always three o'clock, and then he has to go away."

' " You should be quicker, my dear. You should
encourage him more at once. Now try to-day ;
if you can't do anything to-day I really must get
your papa to interfere."

' Crinoline had ever been an obedient child, and
now, as ever, she determined to obey. But it was
a hard task for her. In three months he would
be twenty-five — in fifteen months twenty- six.
She however would do her best ; and then, if her
efibrts were unavailing, she could only trust to
providence and her papa.

' With sad and anxious heart did Macassar that
day take up his new silk hat, take up also his
darling umbrella, and descend the sombre steps
of the Episcopal Audit Office. " Seven to one on
the Lying-in," were the last words which reached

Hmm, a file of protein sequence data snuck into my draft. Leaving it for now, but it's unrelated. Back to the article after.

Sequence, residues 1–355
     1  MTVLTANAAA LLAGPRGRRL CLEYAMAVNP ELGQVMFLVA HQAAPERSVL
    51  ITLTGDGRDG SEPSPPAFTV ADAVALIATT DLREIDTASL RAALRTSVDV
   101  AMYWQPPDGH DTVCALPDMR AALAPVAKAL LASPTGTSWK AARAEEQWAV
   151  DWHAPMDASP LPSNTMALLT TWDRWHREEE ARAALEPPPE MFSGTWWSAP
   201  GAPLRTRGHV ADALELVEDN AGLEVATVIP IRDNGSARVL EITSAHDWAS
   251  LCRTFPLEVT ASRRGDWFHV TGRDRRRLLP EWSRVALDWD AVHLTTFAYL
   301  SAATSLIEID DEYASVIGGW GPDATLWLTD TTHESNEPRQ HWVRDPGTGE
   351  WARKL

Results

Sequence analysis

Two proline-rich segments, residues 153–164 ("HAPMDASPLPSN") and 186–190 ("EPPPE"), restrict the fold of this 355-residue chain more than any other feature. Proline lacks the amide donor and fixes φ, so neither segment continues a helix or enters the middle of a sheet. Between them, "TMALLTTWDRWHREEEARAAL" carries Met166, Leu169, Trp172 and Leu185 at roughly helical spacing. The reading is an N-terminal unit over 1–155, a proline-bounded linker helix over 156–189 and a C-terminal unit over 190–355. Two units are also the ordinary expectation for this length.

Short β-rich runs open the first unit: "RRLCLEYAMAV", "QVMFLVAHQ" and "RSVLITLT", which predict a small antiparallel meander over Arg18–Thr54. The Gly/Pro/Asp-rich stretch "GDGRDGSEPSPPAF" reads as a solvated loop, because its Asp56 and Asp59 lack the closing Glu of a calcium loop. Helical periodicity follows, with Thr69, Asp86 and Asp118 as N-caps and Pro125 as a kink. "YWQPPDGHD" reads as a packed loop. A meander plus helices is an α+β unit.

his ears as the door of his room closed behind
him. His was a dreadful position. What if that
sweet girl, that angel whom he so worshipped,
what if she, melted by his tale of sorrow, — that is
if he could prevail on himself to tell it, — should
take pity, and consent to be hurried prematurely
to the altar of Hymen ; and then, if after all the
legacy should be forfeited ! Poverty for liimself
he could endure ; at least he thought so ; but
poverty for her 1 could he bear that ? What if
he should live to see her deprived of that green
head-dress, robbed of those copious draperies,


reduced to English shoes, compelled to desert
that shrine in Hanover Square, and all through
him ! His brain reeled round, his head swam,
liis temples throbbed, his knees knocked against
each other, his blood stagnated, his heart col-